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Turkey Tries Journalist Over Corruption Article - 2001-12-20


A journalist is on trial in Ankara for writing an article about corruption in Turkey's judicial system. The trial is the latest in a series of cases launched against journalists accused of expressing views that insult or threaten the Turkish state.

Burak Bekdil is a financial affairs commentator for the English language Turkish Daily News. In August, he wrote an article charging that Turkish politicians exert undue influence over the country's justice system and the system is rife with corrupt officials and judges.

Shortly after the article appeared, Turkish authorities charged him with insulting the state. If found guilty, he faces up to six years in prison.

Mr. Bekdil, who has denied the charge, told VOA that he does not believe he will get a fair trial.

"Well, I doubt this is going to be a fair trial because I will be tried by the people who think I insulted them," he said.

He is not the first writer to face such charges in Turkey. The country's constitution and penal code forbid any writing that is considered injurious to the state. Scores of journalists have been convicted and jailed in recent years on charges similar to the one Mr. Bekdil is facing.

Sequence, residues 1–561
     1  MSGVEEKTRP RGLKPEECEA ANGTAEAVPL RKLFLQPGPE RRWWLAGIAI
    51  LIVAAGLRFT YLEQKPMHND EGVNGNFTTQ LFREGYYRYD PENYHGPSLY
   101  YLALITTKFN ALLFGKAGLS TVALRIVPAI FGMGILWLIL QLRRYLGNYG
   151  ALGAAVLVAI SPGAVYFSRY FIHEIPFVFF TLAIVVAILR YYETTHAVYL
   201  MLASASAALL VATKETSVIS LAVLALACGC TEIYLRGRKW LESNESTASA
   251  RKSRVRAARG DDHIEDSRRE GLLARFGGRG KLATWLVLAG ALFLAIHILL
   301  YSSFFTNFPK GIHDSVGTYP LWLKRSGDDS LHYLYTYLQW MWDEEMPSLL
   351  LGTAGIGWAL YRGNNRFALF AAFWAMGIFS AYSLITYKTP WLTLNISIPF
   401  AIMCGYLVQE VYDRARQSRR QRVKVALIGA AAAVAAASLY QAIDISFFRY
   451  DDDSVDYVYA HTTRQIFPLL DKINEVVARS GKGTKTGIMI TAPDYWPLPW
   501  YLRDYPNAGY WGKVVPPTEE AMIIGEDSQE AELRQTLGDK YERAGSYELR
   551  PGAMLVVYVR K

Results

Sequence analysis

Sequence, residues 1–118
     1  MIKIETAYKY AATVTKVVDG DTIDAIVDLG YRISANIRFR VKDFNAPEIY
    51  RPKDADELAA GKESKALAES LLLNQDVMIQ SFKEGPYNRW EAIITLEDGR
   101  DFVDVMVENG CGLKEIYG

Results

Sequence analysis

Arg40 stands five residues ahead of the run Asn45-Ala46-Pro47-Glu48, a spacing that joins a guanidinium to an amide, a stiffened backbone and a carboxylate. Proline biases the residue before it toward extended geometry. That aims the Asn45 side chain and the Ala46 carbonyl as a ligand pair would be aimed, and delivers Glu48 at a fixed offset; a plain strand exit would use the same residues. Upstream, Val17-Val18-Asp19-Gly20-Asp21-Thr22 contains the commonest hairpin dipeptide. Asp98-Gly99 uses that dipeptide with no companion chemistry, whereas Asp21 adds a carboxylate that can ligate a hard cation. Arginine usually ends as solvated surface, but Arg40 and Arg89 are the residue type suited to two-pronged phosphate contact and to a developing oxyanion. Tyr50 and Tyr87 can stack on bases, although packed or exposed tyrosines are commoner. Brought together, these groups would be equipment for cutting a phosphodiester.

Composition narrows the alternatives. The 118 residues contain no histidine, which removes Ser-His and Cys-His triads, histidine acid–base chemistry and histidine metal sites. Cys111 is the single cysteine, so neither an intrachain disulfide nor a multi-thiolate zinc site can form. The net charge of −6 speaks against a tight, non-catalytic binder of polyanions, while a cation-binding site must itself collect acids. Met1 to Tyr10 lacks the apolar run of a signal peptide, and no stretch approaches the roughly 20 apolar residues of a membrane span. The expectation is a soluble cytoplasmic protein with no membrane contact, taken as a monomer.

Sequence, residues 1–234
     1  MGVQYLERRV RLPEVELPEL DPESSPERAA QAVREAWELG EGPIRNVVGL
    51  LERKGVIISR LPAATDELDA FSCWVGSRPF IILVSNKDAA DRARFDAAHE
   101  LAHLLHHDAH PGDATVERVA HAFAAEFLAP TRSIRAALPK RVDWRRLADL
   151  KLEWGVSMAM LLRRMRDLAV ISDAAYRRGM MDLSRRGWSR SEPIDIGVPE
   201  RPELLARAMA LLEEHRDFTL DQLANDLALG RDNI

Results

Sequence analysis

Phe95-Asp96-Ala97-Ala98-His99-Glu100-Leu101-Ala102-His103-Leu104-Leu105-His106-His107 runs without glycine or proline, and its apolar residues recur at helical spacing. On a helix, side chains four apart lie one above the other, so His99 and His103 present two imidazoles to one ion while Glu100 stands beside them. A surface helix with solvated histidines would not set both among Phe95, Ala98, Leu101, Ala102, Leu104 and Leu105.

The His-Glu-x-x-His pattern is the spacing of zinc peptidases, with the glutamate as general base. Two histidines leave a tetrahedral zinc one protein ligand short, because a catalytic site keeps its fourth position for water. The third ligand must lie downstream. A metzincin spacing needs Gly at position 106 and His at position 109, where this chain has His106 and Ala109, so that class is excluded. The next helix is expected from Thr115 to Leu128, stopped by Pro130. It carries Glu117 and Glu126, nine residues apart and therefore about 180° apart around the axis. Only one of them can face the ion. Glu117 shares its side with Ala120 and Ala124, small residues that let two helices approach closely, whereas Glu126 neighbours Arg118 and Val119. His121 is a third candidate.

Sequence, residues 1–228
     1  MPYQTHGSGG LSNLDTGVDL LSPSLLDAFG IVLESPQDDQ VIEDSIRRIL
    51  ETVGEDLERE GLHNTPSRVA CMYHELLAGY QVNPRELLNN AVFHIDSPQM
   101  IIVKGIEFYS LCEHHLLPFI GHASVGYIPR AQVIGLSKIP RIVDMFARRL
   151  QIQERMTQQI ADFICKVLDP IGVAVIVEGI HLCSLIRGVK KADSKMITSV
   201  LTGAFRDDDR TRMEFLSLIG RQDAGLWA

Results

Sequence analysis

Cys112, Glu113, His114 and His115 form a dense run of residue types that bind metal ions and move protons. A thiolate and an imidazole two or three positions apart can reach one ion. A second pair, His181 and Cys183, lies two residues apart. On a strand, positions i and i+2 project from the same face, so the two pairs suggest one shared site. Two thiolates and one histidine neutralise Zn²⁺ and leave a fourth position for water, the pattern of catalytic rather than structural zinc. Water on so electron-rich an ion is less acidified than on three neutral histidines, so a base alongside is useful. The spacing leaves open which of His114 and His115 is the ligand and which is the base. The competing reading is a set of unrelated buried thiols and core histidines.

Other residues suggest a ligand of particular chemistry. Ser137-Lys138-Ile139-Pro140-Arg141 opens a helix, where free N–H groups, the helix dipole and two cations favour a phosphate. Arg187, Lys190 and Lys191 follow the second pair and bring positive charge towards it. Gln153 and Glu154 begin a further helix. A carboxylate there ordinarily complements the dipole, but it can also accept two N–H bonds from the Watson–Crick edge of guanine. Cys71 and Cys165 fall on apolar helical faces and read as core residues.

"As long as the legislation remains there will be further cases, similar cases. Someone has to launch a campaign, an appeal perhaps. It is the lawmakers, they should change the legislation, they should update the legislation," he explained.

In October, Turkey's parliament approved reforms to the constitution that relax restrictions on free expression.

And, the government, led by leftist Prime Minister Bulent Ecevit, is considering proposed changes in the penal code that would remove an article penalizing verbal or written criticism against the Turkish state. It is this article that Mr. Bekdil and several other prominent journalists, including the pro-Islamic commentator Fehmi Koru, are being prosecuted for violating.

But legal experts say it remains unclear whether the changes in the constitution and the penal code, when they are officially enacted, will be applied retroactively. Until that is decided, the cases against Mr. Bekdil and the other journalists will continue. Mr. Bekdil's case resumes on January 14.

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